Some findings excerpted from the reports include the following:
“—Fourth- and eighth-graders scored higher than in all previous assessment years. —White, Black, and Hispanic students at both grades demonstrated a better understanding of mathematics compared to all previous assessment years. —The White-Black score gap narrowed at grade four when compared to 1990 and at grade 8 when compared to 2005. —Fifteen states (14 states and DC) improved at both grades, with fourth-graders in an additional eight states, and eighth-graders in 11 states scoring higher.”
“—Fourth-graders scored higher than in all previous assessment years. —Eighth-graders scored higher than in 2005 and 1992. —At both grades, White, Black, and Hispanic students all scored higher than in 1992. However, only the White-Black gap at fourth-grade was smaller compared to 2005 and 1992. —Four states had higher scores at both grades, with 14 additional states (13 states and DODEA) improving in just fourth grade and two states scoring higher in just eighth grade. Two states had lower scores at grade 8 than in 2005.”
For complete results and to download the report, visit http://nationsreportcard.gov
Voting in the 2007 AIBS Board of Directors election is now underway. At the end of 2007, the following positions become vacant on the 13-person AIBS Board of Directors for individual members of AIBS to vote on: (1) President-Elect; (2) Secretary; and (3) two Board members elected by the AIBS membership-at-large (Board elections from the AIBS Council of Member Societies and Organizations are about to get underway via separate ballot). The online ballot, including candidate statements, is available online at http://www.aibs.org/vote. Polls close on 26 October 2007.
Candidates For President-Elect:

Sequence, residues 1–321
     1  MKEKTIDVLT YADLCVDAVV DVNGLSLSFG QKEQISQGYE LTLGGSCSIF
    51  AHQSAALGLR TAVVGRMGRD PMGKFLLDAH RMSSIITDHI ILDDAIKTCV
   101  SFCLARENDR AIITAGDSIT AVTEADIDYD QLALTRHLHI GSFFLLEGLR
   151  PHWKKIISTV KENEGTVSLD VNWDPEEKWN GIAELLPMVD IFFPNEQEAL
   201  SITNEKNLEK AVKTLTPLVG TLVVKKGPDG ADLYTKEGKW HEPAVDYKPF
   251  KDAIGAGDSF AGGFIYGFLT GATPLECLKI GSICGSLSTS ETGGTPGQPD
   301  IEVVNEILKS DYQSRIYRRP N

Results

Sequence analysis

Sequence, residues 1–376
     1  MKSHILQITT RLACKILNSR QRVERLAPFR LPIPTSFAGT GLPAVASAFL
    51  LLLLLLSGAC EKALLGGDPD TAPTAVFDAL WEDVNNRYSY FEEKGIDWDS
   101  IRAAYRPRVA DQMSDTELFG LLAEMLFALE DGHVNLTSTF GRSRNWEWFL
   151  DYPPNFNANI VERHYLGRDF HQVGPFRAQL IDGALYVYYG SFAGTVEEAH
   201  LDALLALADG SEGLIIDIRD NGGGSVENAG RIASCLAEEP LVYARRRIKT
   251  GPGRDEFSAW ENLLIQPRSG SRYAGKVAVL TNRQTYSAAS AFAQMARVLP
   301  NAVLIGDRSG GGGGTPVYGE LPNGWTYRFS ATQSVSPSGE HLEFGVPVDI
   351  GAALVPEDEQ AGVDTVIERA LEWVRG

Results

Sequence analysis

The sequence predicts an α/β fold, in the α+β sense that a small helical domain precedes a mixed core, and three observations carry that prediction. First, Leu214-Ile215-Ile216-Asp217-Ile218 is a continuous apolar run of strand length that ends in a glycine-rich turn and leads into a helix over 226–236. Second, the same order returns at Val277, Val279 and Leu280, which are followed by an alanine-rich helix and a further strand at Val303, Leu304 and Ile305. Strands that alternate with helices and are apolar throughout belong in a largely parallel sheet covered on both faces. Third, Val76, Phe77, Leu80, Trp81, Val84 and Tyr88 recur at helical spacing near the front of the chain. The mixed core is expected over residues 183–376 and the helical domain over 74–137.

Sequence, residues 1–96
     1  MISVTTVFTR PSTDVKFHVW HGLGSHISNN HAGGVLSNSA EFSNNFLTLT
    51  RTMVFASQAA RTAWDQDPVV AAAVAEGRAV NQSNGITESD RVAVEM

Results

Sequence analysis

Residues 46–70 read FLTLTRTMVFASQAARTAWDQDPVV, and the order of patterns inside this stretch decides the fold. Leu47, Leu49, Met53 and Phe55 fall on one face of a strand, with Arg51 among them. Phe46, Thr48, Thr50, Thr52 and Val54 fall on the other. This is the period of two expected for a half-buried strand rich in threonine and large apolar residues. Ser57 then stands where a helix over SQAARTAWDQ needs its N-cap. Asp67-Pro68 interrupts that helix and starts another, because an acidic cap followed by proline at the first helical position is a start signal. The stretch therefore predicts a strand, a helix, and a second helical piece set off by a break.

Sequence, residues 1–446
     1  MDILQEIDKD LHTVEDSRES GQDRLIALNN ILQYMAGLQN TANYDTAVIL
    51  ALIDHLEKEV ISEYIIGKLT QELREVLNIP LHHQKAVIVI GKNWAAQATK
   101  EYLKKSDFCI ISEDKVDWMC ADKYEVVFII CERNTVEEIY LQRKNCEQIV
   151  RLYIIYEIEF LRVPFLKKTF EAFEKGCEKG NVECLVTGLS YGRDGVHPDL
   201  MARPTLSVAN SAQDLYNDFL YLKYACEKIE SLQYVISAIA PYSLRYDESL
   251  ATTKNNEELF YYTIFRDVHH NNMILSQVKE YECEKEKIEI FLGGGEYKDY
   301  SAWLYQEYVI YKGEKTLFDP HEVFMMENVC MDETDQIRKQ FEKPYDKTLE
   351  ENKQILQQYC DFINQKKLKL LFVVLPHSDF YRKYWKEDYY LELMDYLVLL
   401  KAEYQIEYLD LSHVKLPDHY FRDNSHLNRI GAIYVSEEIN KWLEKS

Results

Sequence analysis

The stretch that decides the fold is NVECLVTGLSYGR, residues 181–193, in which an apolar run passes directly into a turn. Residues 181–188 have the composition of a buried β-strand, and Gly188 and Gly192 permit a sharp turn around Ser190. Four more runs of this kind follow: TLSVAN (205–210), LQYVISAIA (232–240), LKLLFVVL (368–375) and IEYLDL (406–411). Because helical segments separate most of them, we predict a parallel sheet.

May Berenbaum (University of Illinois - Urbana/Champaign) Deborah E. Goldberg (University of Michigan)
Candidates For Secretary:
John R. Jungck (Beloit College) Gordon E. Uno (University of Oklahoma)
Candidates for Board Member Elected by the Membership-at-Large:
Carol Brewer (University of Montana) Louis J. Gross (University of Tennessee) Paula Mabee (University of South Dakota)
Candidates for Board Member elected by the Council of AIBS Member Societies and Organizations:
Charles Berry (South Dakota State University - American Fisheries Society) Ellen J. Censky (University of Oklahoma - Sam Noble Oklahoma Museum of Natural History) Laurence J. Dorr (Smithsonian Institution - American Society of Plant Taxonomists) David Goetze (Utah State University - Association for Politics and the Life Sciences)
NEW IN BIOSCIENCE: “GOVERNMENT LOOKS INTO HEALTH OF FEDERAL COLLECTIONS”
In the October 2007 Washington Watch article in BioScience, Holly Menninger reports on recent federal actions to review the status and health of federally-owned scientific collections.
An excerpt from this article follows:
Researchers at university-based natural science collections have long known that their institutions face daunting budgetary and infrastructure challenges. It is becoming equally apparent that federal collections face comparable challenges.
Recent circumstances at the Smithsonian Institution (SI), the flagship for federal research collections, illustrate some of those challenges. For example, the US Government Accountability Office has reported that a number of buildings within the SI museum complex have deteriorated to the point that some buildings have been closed to the public. And just a few miles from Washington, DC, the Beltsville Agricultural Research Center (BARC) houses much of one of the largest entomology collections in the world in the basement of a building constructed in the 1930s. Although BARC is charged with protecting the nation’s agricultural enterprise from invasive species, among other endeavors, the facilities for BARC collections lack appropriate ventilation and humidity- and temperature-control systems.
To continue reading this article online, please go to http://www.aibs.org/washington-watch/washingtonwatch2007_10.html.